What to know about Kelly Meggs, Florida Oath Keeper going to prison for Jan. 6 attack

Meggs sentenced to 12 years in prison for seditious conspiracy

ORLANDO, Fla. – A federal judge on Thursday sentenced a Dunnellon man to 12 years in prison for seditious conspiracy in connection with the Jan. 6, 2021, attack on the U.S. Capitol.

Kelly Meggs and his attorney pleaded for leniency before the sentence was handed down, saying he was not on the Capitol grounds to cause violence, and he was just someone who got carried away in the events of the day.

Meggs, who was the leader of the Florida chapter of the militia group Oath Keepers, was convicted by a jury in November, along with Oath Keepers founder Stewart Rhodes.

In 2022, Meggs told News 6′s Erik Sandoval that he and wife Connie traveled with others from Central Florida to Washington, DC, to provide security details for rallies around former President Donald Trump, who held a rally on Jan. 6.

Meggs said after the rally, he and others just found themselves sitting on the steps of the Capitol.

“We were singing the national anthem and ‘God Bless America’ and ‘America Beautiful,’ and people were waving flags and everything. Then bam, the doors open behind us. We heard them open real loud,” Meggs said. “We walked up the steps, a couple of steps, just to see. Where we were was a little bit below the crowd, and when we got up to the top there, where you can actually see, the back doors were open. The crowd just surged, and you got sucked in.”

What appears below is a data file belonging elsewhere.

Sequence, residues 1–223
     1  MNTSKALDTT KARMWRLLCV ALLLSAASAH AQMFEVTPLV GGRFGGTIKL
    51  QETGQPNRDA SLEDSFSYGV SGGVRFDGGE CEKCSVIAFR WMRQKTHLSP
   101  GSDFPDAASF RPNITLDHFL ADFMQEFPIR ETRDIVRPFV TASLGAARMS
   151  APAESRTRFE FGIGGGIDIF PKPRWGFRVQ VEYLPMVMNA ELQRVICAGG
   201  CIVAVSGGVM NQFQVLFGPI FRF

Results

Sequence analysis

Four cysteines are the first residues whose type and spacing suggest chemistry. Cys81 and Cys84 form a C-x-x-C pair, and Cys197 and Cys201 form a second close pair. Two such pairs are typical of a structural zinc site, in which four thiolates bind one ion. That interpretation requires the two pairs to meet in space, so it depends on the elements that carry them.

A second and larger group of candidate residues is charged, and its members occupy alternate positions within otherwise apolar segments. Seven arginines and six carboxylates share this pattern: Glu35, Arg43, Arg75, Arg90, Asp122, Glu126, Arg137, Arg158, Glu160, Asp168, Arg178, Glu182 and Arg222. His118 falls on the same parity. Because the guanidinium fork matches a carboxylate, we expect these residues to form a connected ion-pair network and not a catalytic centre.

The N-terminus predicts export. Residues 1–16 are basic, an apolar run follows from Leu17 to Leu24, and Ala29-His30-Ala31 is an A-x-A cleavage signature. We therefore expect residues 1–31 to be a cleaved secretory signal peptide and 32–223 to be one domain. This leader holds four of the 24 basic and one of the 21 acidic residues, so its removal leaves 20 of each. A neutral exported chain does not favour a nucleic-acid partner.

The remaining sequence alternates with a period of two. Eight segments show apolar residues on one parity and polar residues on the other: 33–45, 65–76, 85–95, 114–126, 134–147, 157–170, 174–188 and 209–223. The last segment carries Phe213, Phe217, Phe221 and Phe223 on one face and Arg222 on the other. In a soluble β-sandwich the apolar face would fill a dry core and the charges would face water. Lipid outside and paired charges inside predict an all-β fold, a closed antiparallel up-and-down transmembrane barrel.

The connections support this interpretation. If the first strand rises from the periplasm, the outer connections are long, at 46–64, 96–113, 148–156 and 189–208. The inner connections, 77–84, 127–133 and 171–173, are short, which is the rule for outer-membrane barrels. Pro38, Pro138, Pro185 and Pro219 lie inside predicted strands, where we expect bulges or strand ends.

Meggs said he couldn’t wait for his day in court, because they had video proof that the charges against them were a lie.

Prosecutors and investigators, however, said Meggs conspired with Rhodes and others online to be in play on Jan. 6, especially if Trump invoked the Insurrection Act.

Prosecutors showed several messages posted on social media recruiting people, particularly in preparation for a battle with anyone opposed to them.

“Dc [sic] is no guns . So mace and gas masks , some batons . If you have armor that’s good . During the day it’s kind of boring but when it starts getting dark Game on.” one message said.

Prosecutors alleged Meggs wrote in a group chat on Dec. 22, 2020, “It’s gonna be wild…It’s gonna be wild….(President Trump) called us all to the Capitol and wants us to make it wild…Sir Yes Sir!!”

Prosecutors said Meggs stored weapons at a hotel outside Washington in case they were needed, and entered the Capitol with other Oath Keepers in a military “stack” formation.

Prosecutors also pointed to text messages to his wife and son from the night of Nov. 3, 2020.

“I’m gonna go on a killing spree,” Meggs is reported to have written.

“Then 10 seconds later, ‘Pelosi first,’” the court filing read.

In sentencing Meggs, Judge Amit Mehta said Meggs’ view of his actions that day is at odds with the evidence, and questioned if Meggs’ actions and words were those of someone who was part of a mere “security detail.”

The judge found Meggs doesn’t present an ongoing threat to the country the way Rhodes does, but told him “violence cannot be resorted to just because you disagree with who got elected.”

Meggs’ sentence is the third longest so far among those prosecuted for the Jan. 6 attack. Rhodes himself got 18 years on Thursday for seditious conspiracy, while Peter Schwartz got 14 years for attacking police officers at the Capitol.

Connie Meggs, Kelly Meggs’ wife, was found guilty in March of conspiracy to obstruct an official proceeding and other felony charges.

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Christie joined the ClickOrlando team in November 2021.